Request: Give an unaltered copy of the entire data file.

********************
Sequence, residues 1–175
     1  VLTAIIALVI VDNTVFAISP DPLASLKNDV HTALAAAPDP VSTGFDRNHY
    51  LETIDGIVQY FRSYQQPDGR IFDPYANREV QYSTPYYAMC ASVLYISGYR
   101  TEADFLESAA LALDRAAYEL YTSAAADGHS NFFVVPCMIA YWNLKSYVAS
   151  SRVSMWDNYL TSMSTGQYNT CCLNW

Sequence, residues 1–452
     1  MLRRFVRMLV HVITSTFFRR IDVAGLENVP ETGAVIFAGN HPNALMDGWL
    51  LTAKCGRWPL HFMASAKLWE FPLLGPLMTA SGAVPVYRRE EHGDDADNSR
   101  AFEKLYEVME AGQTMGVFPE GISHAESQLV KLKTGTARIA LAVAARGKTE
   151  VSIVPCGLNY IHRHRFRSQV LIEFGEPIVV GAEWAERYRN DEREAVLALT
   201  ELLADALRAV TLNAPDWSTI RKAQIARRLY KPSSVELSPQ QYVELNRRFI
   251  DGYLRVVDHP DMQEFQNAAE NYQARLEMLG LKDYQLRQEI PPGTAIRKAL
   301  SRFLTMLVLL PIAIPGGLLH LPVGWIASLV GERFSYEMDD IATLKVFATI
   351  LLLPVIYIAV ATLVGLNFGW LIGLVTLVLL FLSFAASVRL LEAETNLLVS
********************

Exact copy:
Sequence, residues 1–175
     1  VLTAIIALVI VDNTVFAISP DPLASLKNDV HTALAAAPDP VSTGFDRNHY
    51  LETIDGIVQY FRSYQQPDGR IFDPYANREV QYSTPYYAMC ASVLYISGYR
   101  TEADFLESAA LALDRAAYEL YTSAAADGHS NFFVVPCMIA YWNLKSYVAS
   151  SRVSMWDNYL TSMSTGQYNT CCLNW

Sequence, residues 1–452
     1  MLRRFVRMLV HVITSTFFRR IDVAGLENVP ETGAVIFAGN HPNALMDGWL
    51  LTAKCGRWPL HFMASAKLWE FPLLGPLMTA SGAVPVYRRE EHGDDADNSR
   101  AFEKLYEVME AGQTMGVFPE GISHAESQLV KLKTGTARIA LAVAARGKTE
   151  VSIVPCGLNY IHRHRFRSQV LIEFGEPIVV GAEWAERYRN DEREAVLALT
   201  ELLADALRAV TLNAPDWSTI RKAQIARRLY KPSSVELSPQ QYVELNRRFI
   251  DGYLRVVDHP DMQEFQNAAE NYQARLEMLG LKDYQLRQEI PPGTAIRKAL
   301  SRFLTMLVLL PIAIPGGLLH LPVGWIASLV GERFSYEMDD IATLKVFATI
   351  LLLPVIYIAV ATLVGLNFGW LIGLVTLVLL FLSFAASVRL LEAETNLLVS